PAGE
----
This trial is active, not recruiting.

Condition spinal metastases
Treatment stereotactic body radiotherapy (sbrt)
Phase phase 2
Sponsor University Health Network, Toronto
Start date June 2011
End date September 2016
Trial size 90 participants
Trial identifier NCT01290562, UHN REB 10-0540-C


Patients with new or recurrent spine metastases are currently treated with low doses of radiation delivered in up to ten treatments (wide-field radiation therapy). Stererotactic body radiotherapy (SBRT) is a technique in which high doses of radiation targeted precisely to the metastases to be treated are administered in a small number of sessions, thus reducing the radiation damage to the surrounding tissue and areas of the spine.

The purpose of this study is to evaluate the efficacy of spine SBRT as an alternative to conventional radiation for patients with no prior radiation, prior radiation, and in the post-operative patient

United States No locations recruiting
Other Countries No locations recruiting

Study Design

Endpoint classification efficacy study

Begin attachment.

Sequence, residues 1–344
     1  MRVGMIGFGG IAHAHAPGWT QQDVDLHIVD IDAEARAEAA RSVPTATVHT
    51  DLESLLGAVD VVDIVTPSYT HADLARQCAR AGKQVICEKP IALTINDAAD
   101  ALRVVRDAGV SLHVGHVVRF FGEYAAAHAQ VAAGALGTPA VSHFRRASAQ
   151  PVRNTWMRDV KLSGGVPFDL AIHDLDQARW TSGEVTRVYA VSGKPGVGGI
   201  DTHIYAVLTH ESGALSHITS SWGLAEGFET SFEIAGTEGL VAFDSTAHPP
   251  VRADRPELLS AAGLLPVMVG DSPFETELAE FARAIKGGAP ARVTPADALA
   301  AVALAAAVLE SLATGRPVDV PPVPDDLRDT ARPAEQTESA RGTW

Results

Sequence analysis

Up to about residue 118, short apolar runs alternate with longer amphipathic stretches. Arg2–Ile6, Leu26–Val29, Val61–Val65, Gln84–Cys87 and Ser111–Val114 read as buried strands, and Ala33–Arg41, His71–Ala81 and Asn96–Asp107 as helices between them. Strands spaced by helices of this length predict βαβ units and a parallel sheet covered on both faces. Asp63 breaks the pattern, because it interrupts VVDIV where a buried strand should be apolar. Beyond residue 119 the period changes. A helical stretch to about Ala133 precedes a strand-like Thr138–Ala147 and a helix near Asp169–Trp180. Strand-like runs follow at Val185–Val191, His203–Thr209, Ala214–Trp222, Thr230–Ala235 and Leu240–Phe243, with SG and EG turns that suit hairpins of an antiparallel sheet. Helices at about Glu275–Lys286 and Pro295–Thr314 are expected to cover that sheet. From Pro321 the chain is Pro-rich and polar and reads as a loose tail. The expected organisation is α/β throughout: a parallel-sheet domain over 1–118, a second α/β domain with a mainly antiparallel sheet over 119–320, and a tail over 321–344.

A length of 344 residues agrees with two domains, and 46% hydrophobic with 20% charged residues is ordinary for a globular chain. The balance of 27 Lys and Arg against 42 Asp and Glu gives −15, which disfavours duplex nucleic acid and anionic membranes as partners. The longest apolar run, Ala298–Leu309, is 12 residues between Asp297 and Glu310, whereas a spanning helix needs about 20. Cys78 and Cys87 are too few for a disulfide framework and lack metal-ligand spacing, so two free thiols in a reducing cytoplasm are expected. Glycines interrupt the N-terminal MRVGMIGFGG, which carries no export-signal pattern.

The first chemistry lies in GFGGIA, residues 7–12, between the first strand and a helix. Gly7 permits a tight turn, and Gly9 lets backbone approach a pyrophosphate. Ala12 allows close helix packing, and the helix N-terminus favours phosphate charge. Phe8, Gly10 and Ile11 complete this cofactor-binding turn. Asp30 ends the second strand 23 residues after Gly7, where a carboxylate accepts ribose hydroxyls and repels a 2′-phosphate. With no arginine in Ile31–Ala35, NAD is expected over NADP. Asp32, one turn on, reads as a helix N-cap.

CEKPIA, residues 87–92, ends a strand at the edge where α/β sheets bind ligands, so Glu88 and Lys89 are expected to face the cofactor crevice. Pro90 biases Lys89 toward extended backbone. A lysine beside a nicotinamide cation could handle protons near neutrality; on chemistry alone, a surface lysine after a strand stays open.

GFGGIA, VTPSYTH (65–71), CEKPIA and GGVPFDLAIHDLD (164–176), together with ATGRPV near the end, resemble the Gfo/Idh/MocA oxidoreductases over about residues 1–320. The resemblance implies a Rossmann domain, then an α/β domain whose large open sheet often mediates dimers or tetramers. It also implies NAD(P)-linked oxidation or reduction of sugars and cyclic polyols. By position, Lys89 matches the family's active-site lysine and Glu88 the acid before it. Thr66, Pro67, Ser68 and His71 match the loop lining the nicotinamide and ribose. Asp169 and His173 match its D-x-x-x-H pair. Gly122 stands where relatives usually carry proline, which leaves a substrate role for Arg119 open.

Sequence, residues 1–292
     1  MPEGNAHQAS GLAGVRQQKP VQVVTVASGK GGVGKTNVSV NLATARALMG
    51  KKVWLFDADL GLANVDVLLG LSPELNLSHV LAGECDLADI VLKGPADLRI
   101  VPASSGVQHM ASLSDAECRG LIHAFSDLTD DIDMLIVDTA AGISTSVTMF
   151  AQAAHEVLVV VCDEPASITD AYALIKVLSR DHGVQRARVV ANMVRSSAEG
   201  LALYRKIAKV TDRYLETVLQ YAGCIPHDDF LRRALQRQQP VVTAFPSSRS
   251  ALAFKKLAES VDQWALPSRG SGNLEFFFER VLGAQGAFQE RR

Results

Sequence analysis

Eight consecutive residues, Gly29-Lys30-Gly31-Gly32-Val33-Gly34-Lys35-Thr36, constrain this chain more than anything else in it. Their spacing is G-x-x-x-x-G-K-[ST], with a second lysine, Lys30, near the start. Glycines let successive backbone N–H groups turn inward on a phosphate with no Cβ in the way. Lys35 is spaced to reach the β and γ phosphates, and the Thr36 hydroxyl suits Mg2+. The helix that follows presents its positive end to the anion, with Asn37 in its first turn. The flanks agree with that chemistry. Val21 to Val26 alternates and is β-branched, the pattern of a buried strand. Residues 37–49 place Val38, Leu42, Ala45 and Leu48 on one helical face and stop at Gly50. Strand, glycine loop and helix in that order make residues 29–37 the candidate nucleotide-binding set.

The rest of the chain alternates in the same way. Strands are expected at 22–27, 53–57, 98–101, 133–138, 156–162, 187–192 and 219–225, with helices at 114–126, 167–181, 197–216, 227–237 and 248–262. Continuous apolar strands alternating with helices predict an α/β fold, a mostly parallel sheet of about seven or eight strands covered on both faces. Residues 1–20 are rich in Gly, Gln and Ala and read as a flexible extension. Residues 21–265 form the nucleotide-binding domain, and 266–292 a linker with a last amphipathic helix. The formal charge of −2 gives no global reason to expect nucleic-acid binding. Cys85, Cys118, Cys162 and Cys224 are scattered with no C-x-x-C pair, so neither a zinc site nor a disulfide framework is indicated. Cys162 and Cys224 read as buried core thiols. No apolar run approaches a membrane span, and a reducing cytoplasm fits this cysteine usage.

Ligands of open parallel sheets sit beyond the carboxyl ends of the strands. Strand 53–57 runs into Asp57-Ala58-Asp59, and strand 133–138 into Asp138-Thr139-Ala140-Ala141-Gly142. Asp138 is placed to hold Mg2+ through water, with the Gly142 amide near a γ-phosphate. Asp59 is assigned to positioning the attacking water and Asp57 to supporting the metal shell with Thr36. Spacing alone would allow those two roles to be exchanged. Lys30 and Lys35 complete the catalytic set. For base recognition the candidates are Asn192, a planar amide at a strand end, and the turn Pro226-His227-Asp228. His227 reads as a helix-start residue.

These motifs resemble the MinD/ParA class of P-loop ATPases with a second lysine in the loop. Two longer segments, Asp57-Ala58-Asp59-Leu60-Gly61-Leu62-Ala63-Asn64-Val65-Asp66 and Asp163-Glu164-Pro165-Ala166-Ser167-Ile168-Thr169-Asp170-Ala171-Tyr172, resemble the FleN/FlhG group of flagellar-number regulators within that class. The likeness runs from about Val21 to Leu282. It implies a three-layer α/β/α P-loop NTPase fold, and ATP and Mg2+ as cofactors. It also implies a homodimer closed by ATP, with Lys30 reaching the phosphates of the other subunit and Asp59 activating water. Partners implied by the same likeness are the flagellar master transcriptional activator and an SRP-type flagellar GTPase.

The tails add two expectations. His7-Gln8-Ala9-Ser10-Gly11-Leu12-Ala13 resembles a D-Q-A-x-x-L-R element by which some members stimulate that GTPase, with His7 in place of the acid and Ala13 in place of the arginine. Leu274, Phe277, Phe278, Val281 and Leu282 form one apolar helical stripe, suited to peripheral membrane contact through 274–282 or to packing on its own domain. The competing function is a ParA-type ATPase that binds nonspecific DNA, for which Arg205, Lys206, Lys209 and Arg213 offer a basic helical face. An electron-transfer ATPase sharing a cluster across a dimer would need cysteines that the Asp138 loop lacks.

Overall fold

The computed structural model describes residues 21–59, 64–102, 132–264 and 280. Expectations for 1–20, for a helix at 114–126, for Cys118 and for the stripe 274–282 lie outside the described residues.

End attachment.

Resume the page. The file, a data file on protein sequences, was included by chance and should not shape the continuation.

Intervention model single group assignment
Masking open label
Primary purpose treatment
Cohort 1: Patients with spinal metastases and no prior radiation Cohort 2: Patients with spinal metastases in a previously radiated field Cohort 3: Post-operative patients with spinal metastases
stereotactic body radiotherapy (sbrt)
One or more high dose(s) of radiation to treat the tumour.

Primary Outcomes

To determine the efficacy of spine SBRT in select groups of patients using image based and symptom based local control criteria
time frame: 5 years

Secondary Outcomes

To determine prospective pain and functional outcome data using the Brief Pain Inventory questionnaire
time frame: 5 years
To prospectively document quality of life outcomes for patients post-SBRT using the validated EORTC QLQ - BM22 and C-15 PAL
time frame: 5 years
To determine pain flare prospective data by using the Pain Diary for first 10 days after radiation.
time frame: 5 years
To prospectively evaluate neurologic outcomes using the ASIA questionnaire
time frame: 5 years
To evaluate acute and late toxicity of RT using NCIC Common Toxicity Criteria v. 3.0
time frame: 5 years

Eligibility Criteria

Male or female participants at least 19 years old.